Recommend including the opportunity to purchase a C-4 license to hunt bobcats as established by SB 60 from the 2021 legislative session. A hunter that purchases a C-4 license to hunt bobcat may harvest the per person limit under the one C-4 license. (A hunter does not need to purchase multiple C-4 licenses to harvest more than one bobcat).

Recommend reinstating the requirement that trappers are required to personally present the pelts of marten for tagging to a designated FWP employee within 10 days after the close of the season (see attached for specific language).

Recommend amending the commission regulation on pelt possession by fur dealer license holders to include tagged marten pelts (see attached for specific language).

Recommend eliminating all wolf management units (WMUs), except for combining former WMUs 313 and 316 into a new WMU 313.

Recommend establishing a harvest quota of 10 wolves in total for trapping and hunting in WMU 313.

If a quota is instituted and when a season quota is reached, the trapping and hunting season will close upon a 24-hour notice, but no later than March 15, 2023.

Recommend establishing a total quota of 100 wolves to be authorized by the commission in increments of 25 in accordance with MCA 87-1-901 section 3(c), commonly known as SB 200.

Recommend managing wolf harvest primarily by trapping district.

Recommend maintaining the floating start date for wolf trapping within the identical described area last year, except within trapping districts or portions of trapping districts (rather than wolf management units) in or near occupied grizzly bear habitat. Unchanged are recommendations for thresholds as approved by the commission in 2021, with the only exception being that the threshold for total harvest and harvest in TD 3 excludes those wolves harvested within WMU 313.

Pheasant releases for recruiting and retaining hunters

In the 2021 Legislative session, House Bill 637 authorized the department to spend up to $1 million each year for a pheasant-stocking program focused on recruiting and retaining hunters. FWP is seeking final approval for a five-year period, calendar years 2022 through 2026, to release pen-raised pheasants on state-owned lands within suitable pheasant habitat for recruitment and retention efforts.

Cornell Park Fishing Access Site (FAS) Acquisition (Region 3)

In 2020, the commission approved FWP to analyze the acquisition and development of the Cornell Park Fishing Access Site on the Beaverhead River near Dillon. That process is complete and FWP is asking the commission to authorize the department to acquire the site.

Sha Ron FAS Site MDT Recreation Permit (Region 2)

Last August, the commission approved FWP’s request to look at expanding, acquiring, and developing a new parking and access area that is near the existing Sha Ron Fishing Access Site on the Clark Fork River near Missoula. That process is complete and FWP is asking for commission approval to obtain a no-cost recreation management permit from the Montana Department of Transportation (MDT) to accommodate the parking expansion and additional river access on an MDT site to the northeast of Sha Ron.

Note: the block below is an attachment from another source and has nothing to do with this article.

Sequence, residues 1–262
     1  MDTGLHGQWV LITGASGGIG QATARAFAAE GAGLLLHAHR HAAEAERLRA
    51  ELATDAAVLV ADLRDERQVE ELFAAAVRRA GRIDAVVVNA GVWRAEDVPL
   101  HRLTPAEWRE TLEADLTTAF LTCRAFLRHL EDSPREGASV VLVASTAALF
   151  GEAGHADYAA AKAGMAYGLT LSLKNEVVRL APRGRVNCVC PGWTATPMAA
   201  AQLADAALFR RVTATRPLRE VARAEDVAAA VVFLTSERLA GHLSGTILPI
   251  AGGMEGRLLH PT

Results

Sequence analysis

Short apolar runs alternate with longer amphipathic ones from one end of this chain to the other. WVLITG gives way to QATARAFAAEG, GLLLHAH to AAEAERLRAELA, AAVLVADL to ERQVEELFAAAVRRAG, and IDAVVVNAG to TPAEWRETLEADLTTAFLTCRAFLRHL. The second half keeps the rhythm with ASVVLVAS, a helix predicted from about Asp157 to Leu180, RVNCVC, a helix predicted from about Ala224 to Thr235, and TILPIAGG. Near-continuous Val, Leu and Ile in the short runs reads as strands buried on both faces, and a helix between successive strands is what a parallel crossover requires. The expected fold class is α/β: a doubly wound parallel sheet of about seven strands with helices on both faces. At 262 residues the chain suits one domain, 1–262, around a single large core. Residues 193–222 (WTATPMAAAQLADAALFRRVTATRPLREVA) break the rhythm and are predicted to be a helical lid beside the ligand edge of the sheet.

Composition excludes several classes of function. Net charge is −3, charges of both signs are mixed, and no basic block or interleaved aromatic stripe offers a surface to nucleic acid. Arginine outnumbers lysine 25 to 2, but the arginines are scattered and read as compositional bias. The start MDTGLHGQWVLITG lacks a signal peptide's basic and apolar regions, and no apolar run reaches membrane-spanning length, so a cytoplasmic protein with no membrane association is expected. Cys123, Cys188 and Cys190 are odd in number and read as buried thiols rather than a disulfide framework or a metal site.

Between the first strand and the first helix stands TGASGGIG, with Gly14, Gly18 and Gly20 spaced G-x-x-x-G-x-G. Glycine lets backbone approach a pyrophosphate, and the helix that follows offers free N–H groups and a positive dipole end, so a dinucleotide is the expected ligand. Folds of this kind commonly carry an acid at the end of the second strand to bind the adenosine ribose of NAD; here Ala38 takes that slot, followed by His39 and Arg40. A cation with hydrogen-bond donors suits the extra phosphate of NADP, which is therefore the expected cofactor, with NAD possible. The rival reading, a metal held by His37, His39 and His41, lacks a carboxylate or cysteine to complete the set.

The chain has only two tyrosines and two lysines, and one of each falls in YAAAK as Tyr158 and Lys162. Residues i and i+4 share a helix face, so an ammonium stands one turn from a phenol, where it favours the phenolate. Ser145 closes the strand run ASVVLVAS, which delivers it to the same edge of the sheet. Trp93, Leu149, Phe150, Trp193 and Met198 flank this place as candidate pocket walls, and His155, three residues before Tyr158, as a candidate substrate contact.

Amend Angling Restriction and Fishing Closure Administrative Rules, 12.5.507 and 12.5.508, ARM

In 2008 the commission adopted an administrative rule for implementing angling restrictions or closures during periods of drought. The department is proposing to change these rules to incorporate criteria for cutthroat trout fisheries and to provide additional guidance for when a restriction or closure will be implemented or lifted. FWP data and other research has found that the current restriction and closure criteria for salmonids (daily maximum temperatures reach or exceed 73 degrees Fahrenheit any time of day for three consecutive days) exceeds the mortality threshold for cutthroat trout. The department has determined that adopting criteria at 66 degrees Fahrenheit for cutthroat fisheries would better reduce angling impacts to cutthroat during drought.

Other proposed changes are intended to avoid scenarios where restrictions or closures would be implemented or lifted over a short period of time before a closure or restriction would be re-implemented or lifted again (i.e., an on-again-off-again scenario).

The proposed rule language will be posted on July 8. Public comment will be taken until Aug. 5.

Future Fisheries Improvement Projects, Summer 2022 funding cycle

The Future Fisheries Improvement Program (FFIP) continues to provide funds for projects that restore fishery habitats in streams, rivers and lakes for the benefit of wild fisheries. Applications are reviewed twice each year by the 14-member Citizen Review Panel appointed by the Governor. Recommendations are forwarded to the commission every six months for consideration and approval. For the Summer 2022 funding cycle, the Citizen Review Panel recommends funding eight of nine submitted proposals at a program cost of $238,810. Matching funds total $950,735, producing a ratio of $4 in external contributions to every $1 of FFIP funding.

Current applications, recommendations, and ranking information can be found on the FFIP website at https://fwp.mt.gov/ffip under Summer 2022 Grant Applications and Meeting Materials.

Big Snowy Mountains WMA Fee Title Acquisition, Region 5